This could include a major sculpture in the roundabout. Jim Calaway, a local supporter of many community improvements here and in the valley, was contacted by residents supporting the arts, to approach a world famous sculptor about a piece for Carbondale. Jim followed through, as he always does, contacted the gentleman, and consequently there are tentative plans to raise funds privately to include this in the roundabout if the highway is improved. There is also a landscape plan (trees lining 133) being prepared starting at the bridge and carrying through to Main Street. It’s now or never.

This project is the start of Carbondale being open to serve all its citizens with stores that were identified in the Roadmap report as being desired by the citizens, including the new, expanded grocery store.

The focus on the developer’s projections for dollar sales is a red herring. Neither the town nor its citizens are investing any money in this project. If it fails it is the developer’s company who will lose its investment. The bank or investors who hold the debt for the highway improvements are the ones at risk, not the town or any citizen of Carbondale. We have no investment nor any risk, we are not part of the security. We end up with a portion of 133 improved even if the sales tax to pay off the PIF is never fully realized. The highway improvements have to be in place in three years for the project or lose town approval to build.

The residential units will not be built until there is a market. Only people who have never run a business could be afraid of this issue. Banks are not loaning money to build residential developments. The residential may turn into a Continuing Care Community facility for senior citizens, something of interest to many of Carbondale’s citizens. Basalt, by being open for business, is fast moving towards such a facility. I would suggest with all we have to offer Carbondale is a better location.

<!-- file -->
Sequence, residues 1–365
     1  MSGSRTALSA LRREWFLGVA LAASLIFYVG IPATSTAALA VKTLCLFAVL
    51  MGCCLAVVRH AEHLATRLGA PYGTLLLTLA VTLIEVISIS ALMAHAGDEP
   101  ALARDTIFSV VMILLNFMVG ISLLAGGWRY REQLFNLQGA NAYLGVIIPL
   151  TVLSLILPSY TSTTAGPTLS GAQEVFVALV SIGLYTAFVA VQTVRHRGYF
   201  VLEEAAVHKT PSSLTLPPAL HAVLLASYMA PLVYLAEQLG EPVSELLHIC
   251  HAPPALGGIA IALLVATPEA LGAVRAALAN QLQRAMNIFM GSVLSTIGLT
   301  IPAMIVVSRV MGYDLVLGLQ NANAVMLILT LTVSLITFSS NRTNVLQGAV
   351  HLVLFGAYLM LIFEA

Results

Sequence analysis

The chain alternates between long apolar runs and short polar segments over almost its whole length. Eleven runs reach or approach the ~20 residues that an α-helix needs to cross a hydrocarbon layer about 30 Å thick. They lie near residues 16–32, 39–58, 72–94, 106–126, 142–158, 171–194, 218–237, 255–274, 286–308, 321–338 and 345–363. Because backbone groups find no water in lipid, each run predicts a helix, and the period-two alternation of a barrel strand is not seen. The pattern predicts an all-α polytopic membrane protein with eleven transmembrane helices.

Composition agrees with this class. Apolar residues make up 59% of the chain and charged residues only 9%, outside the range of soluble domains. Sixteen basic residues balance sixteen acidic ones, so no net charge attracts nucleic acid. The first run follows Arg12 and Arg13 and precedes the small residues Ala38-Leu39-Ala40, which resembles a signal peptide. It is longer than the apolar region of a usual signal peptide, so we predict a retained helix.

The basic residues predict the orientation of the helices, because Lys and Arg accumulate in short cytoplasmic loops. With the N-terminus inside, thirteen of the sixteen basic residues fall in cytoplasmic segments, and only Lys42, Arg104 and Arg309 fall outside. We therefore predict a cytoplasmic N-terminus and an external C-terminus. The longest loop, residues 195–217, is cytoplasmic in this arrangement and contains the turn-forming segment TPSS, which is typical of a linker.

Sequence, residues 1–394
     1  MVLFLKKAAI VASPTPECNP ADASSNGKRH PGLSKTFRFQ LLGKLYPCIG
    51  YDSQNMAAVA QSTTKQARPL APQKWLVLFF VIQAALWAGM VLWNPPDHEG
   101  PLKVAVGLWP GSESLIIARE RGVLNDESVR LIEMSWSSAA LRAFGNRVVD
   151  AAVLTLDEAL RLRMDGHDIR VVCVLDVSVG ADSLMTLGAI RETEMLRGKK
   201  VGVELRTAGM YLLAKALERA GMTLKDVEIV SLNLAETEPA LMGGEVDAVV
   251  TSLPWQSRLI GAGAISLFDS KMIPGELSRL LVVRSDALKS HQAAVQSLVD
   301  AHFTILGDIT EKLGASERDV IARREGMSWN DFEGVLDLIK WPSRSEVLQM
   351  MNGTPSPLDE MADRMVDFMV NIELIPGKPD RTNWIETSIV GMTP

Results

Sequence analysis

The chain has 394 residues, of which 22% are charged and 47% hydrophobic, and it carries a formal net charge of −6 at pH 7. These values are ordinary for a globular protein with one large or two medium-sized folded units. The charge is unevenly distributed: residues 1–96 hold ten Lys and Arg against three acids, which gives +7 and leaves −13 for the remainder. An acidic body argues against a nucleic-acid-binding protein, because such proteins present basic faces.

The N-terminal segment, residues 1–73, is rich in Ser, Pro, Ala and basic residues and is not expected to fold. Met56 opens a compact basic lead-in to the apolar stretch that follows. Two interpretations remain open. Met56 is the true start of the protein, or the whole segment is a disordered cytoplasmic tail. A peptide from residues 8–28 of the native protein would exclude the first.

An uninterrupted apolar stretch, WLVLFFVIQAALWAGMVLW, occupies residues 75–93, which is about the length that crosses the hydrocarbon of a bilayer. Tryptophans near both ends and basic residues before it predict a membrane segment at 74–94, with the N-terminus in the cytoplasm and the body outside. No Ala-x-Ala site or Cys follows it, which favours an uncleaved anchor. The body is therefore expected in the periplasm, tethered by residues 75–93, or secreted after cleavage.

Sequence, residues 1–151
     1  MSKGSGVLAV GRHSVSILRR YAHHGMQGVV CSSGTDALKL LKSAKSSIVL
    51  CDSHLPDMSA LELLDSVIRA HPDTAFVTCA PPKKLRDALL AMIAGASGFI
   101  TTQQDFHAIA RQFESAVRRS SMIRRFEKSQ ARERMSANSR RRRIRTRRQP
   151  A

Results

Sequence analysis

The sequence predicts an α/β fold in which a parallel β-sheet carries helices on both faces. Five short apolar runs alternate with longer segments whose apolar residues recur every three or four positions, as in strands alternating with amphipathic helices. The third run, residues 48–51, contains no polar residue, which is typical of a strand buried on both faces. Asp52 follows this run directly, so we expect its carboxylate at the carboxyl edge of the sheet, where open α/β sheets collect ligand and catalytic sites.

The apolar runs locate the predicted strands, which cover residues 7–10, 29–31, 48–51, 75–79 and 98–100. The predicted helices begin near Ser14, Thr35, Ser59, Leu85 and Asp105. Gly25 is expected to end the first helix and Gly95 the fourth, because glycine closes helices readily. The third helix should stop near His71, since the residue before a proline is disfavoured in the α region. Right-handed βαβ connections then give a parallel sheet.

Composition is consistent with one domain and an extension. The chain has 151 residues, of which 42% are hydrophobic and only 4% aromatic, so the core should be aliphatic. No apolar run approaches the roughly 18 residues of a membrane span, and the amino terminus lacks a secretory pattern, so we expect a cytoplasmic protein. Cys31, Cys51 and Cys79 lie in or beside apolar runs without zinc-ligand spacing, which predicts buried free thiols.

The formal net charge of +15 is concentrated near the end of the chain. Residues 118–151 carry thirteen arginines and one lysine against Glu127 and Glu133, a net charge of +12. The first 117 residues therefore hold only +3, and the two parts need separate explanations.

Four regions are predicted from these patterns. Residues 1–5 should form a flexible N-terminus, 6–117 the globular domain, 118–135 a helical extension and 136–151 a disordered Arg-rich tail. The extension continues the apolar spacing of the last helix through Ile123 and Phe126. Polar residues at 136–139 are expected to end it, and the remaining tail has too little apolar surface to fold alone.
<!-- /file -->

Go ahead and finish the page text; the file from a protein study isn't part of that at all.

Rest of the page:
Vote YES; let’s continue to make Carbondale a better place to live for everyone as the Roadmap laid out not just for a select portion of the community.

William Lamont

Carbondale

I just loved the front page of the Post Independent on Jan. 10. The mill levy wasn’t passed, so now Garfield Re-2 will cut more of the teachers, aides and schools that our students attend.

Perhaps the perfect solution would be to just close all of Re-2 and bus all the kids to Glenwood Springs.

Administration seems more concerned with the almighty dollar and not with the education of the students. There is an abundance of personnel in the administration office. The computer lab and all the rooms on the lower floor sit empty quite often. When there is a meeting, elegant refreshments appear.

Are these helping our students learn anything? They were quite costly and the money comes out of our stressed budget for Re-2.

Physical education is a required part of the school program and they want to cut the air conditioning for the gymnasiums? Students would become overheated, dehydrated and possibly pass out. Sports are vital to the schools, as we can see from the numbers who attend and cheer. The Bears had a great football season and pride was quite evident in the town of Rifle. Drop sports?

Aren’t libraries where students go to research and learn? Music and art are the chosen fields of a lot of students. Take away their education for their future?

Pre-kindergarten students could be paid for by their parents and should be. There are a lot of preschools around without that being in the curriculum.

Closing Wamsley and Kathryn Senor elementaries is sheer stupidity. Close Graham Mesa, which we didn’t need in the first place. Choose a smaller building to house the administration.

Get real. What happened to the phrases “kids first” or “no child left behind”?

Jan Walker

Rifle

I want to throw my two cents in on the natural gas drilling issue. I just moved here from Fayetteville, Ark., and previously lived in central Arkansas where the hydraulic fracture component of the natural gas industry has become a hot button topic as of late.

There are many downsides to the fracking process, but the abuse of the water supply and possible earthquake effects are probably the ones that concern me the most.

Many of the main drilling sites were shut down in Greenbrier, Ark., near Conway, where I lived, due to a major uptick in earthquake activity. The earthquakes weren’t destructive, but the obvious increase in activity in the exact area where hydraulic fracking was being carried out was an immediate concern.

Citizens and local governments were directly involved in taking action against these operations, which was surprising in such a conservative area as central Arkansas.

David Owen

Glenwood Springs